Exploding oil trains are a hot topic in the United States and Canada, spurred by a recent spate of accidents and a prediction by the U.S. Department of Transportation last year that there are many more to come – 10 a year over the next two decades.
The oil boom in North Dakota and insufficient pipeline capacity have put a record number of cars hauling crude on the tracks, each capable of carrying more than 30,000 gallons of highly combustible oil when fully loaded. For a 100-car train that’s 3 million gallons.
A 135-foot research vessel to help study the effects of the BP oil spill and other marine science issues reached its home port Sunday, becoming the University of Southern Mississippi’s newest and largest research vessel.
The Point Sur, a $1 million investment, reached the state Port of Gulfport after a three-week voyage from Monterey, Calif. The boat was purchased from the San Jose State University Research Foundation.
Two Florida congressmen teamed up this week to ensure American taxpayers aren’t on the hook when foreign oil spills move into American waters.
With other nations expanding offshore drilling operations, U.S. Rep. Carlos Curbelo, R-Fla., and U.S. Rep. Patrick Murphy, D-Fla., teamed up to bring out the “Foreign Spill Protection Act” on Thursday. The congressmen noted that, back in 2012, a leading Mexican official said his nation would have problems dealing with offshore oil spills while the Bahamas are currently expanding their own drilling. Cuba is also looking at offshore operations.
Tucked away in a slip at the far east side of the Port of Iberia, a dozen Parker Drilling inland barges are lashed together, three wide and four deep.
The Parker rigs won’t be drilling for oil or gas again anytime soon.
“They laid off close to 300 — mostly floor hands, roustabouts, roughnecks, people who do the actual work,” said Craig Romero, a former state senator and oilfield salesman who now is executive director at the port.
It’s been two years since a broken 1940s ExxonMobil pipeline flooded an Arkansas neighborhood with Canada’s heaviest oil, and the ripple effects of the spill have made it to Washington D.C., where regulators are poised to end decades of complacency by addressing the dangers of older pipelines across the country.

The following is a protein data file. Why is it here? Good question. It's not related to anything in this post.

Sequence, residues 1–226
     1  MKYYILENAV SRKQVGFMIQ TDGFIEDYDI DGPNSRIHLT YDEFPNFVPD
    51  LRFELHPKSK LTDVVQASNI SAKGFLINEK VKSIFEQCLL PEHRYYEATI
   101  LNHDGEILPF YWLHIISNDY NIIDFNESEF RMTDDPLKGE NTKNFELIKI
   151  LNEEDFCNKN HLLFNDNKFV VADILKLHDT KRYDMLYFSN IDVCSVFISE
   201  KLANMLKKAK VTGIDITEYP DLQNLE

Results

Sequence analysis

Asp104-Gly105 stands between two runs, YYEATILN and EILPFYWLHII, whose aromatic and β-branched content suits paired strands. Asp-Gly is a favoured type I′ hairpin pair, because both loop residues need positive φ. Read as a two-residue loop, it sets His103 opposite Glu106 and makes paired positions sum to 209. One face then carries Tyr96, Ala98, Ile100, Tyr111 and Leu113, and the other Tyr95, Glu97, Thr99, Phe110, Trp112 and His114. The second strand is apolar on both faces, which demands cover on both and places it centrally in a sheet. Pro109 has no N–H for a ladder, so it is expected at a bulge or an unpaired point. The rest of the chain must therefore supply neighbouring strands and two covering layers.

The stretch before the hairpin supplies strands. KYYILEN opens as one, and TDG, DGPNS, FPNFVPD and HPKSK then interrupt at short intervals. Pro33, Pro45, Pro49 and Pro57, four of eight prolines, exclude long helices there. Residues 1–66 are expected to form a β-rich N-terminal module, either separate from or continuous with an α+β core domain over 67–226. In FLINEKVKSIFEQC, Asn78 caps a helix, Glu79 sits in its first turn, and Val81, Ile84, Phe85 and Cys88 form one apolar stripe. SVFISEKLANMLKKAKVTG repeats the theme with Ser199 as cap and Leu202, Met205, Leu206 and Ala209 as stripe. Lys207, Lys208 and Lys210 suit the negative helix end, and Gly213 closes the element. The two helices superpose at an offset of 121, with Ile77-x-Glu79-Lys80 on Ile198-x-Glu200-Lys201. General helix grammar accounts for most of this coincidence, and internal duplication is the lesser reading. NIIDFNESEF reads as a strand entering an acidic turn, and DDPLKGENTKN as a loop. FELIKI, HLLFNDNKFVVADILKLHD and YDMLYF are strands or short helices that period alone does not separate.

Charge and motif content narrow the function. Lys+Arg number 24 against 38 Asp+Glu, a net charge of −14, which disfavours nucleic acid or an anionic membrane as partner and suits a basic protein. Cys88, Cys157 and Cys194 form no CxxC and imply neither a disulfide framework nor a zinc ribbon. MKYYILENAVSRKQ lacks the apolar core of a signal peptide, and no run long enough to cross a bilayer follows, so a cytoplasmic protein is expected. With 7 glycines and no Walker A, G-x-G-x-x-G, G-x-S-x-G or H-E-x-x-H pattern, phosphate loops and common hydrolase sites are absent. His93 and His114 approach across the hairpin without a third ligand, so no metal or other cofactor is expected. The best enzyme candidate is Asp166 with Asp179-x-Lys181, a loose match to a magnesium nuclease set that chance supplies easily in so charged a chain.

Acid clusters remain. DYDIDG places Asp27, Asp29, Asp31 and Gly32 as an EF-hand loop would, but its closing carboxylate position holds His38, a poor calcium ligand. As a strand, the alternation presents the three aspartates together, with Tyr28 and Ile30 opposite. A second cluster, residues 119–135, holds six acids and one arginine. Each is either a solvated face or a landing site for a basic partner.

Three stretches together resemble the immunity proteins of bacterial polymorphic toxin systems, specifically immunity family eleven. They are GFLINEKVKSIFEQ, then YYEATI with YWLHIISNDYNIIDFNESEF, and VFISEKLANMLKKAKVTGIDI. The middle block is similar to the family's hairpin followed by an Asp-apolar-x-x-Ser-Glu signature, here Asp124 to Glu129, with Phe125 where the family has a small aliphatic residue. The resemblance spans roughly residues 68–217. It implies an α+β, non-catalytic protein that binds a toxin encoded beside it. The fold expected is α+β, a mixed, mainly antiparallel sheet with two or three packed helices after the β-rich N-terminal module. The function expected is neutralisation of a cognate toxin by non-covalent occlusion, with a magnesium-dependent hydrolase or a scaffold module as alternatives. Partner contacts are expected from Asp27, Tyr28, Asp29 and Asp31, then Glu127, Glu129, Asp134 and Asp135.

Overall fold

For the first time, the Pipeline and Hazardous Materials Safety Administration (PHMSA) is proposing a rule to address problematic vintage pipe and other obvious risks that were factors in the rupture of ExxonMobil’s Pegasus pipeline in Mayflower, Ark.
The owner of the Plains Atlas Terminal in Longview is teaming with a Tennessee-based company to build a $100 million pipeline to haul crude oil from Longview to refineries in Shreveport, Louisiana.
Plains All American Pipeline LP said Monday it formed a joint venture with Delek Logistics Partners LP to develop the 12-inch Caddo Pipeline, which will move 80,000 barrels of domestic crude per day to the Louisiana refineries and Delek’s refinery in El Dorado, Arkansas.
Even as the U.S. oil industry slashes investment, pipeline operator Enbridge Energy isn’t paring back its record five-year, $44 billion building program that includes major projects in Minnesota, the company’s CEO Al Monaco said Friday.
Monaco said in an interview that the 50 percent drop in crude oil prices since June “is very dire” for the industry, but hasn’t changed the economics of pipelines like Enbridge’s proposed Sandpiper project to deliver North Dakota oil across northern Minnesota to a terminal and other pipelines in Superior, Wis.
The U.S. should immediately begin a push to exploit its enormous trove of oil in the Arctic waters off of Alaska, or risk a renewed reliance on imported oil in the future, an Energy Department advisory council says in a study submitted Friday.
The U.S. has drastically cut imports and transformed itself into the world’s biggest producer of oil and natural gas by tapping huge reserves in shale rock formations. But the government predicts that the shale boom won’t last much beyond the next decade.
Major oil companies are eyeing the Arctic as a new frontier for energy resources — but extracting those resources is risky business in a region known for icy, stormy conditions.
Last month, the U.S. Department of the Interior (DOI) proposed the first rules for oil and gas drilling in the Arctic. Brian Salerno, head of the DOI’s Bureau of Safety and Environmental Enforcement (BSEE), said they should help ensure the resources are developed “safely and responsibly.” Among those rules are requirements for containing and cleaning up an oil spill in a sea ice environment.